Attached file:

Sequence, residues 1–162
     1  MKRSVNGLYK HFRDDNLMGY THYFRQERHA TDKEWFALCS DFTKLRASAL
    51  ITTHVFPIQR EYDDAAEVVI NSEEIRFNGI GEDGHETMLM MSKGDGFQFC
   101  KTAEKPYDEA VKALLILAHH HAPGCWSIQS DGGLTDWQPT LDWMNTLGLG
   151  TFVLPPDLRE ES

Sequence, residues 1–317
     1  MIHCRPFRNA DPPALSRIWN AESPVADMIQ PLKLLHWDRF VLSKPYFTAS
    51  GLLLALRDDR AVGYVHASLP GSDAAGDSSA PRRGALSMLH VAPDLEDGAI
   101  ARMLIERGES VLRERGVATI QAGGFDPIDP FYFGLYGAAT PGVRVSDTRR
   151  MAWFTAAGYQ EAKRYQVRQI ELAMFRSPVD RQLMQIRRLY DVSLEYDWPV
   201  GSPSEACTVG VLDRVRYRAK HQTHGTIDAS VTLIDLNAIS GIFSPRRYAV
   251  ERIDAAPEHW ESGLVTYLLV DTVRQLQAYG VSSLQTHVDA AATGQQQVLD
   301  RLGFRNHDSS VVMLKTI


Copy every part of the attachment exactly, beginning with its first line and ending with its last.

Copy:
Sequence, residues 1–162
     1  MKRSVNGLYK HFRDDNLMGY THYFRQERHA TDKEWFALCS DFTKLRASAL
    51  ITTHVFPIQR EYDDAAEVVI NSEEIRFNGI GEDGHETMLM MSKGDGFQFC
   101  KTAEKPYDEA VKALLILAHH HAPGCWSIQS DGGLTDWQPT LDWMNTLGLG
   151  TFVLPPDLRE ES

Sequence, residues 1–317
     1  MIHCRPFRNA DPPALSRIWN AESPVADMIQ PLKLLHWDRF VLSKPYFTAS
    51  GLLLALRDDR AVGYVHASLP GSDAAGDSSA PRRGALSMLH VAPDLEDGAI
   101  ARMLIERGES VLRERGVATI QAGGFDPIDP FYFGLYGAAT PGVRVSDTRR
   151  MAWFTAAGYQ EAKRYQVRQI ELAMFRSPVD RQLMQIRRLY DVSLEYDWPV
   201  GSPSEACTVG VLDRVRYRAK HQTHGTIDAS VTLIDLNAIS GIFSPRRYAV
   251  ERIDAAPEHW ESGLVTYLLV DTVRQLQAYG VSSLQTHVDA AATGQQQVLD
   301  RLGFRNHDSS VVMLKTI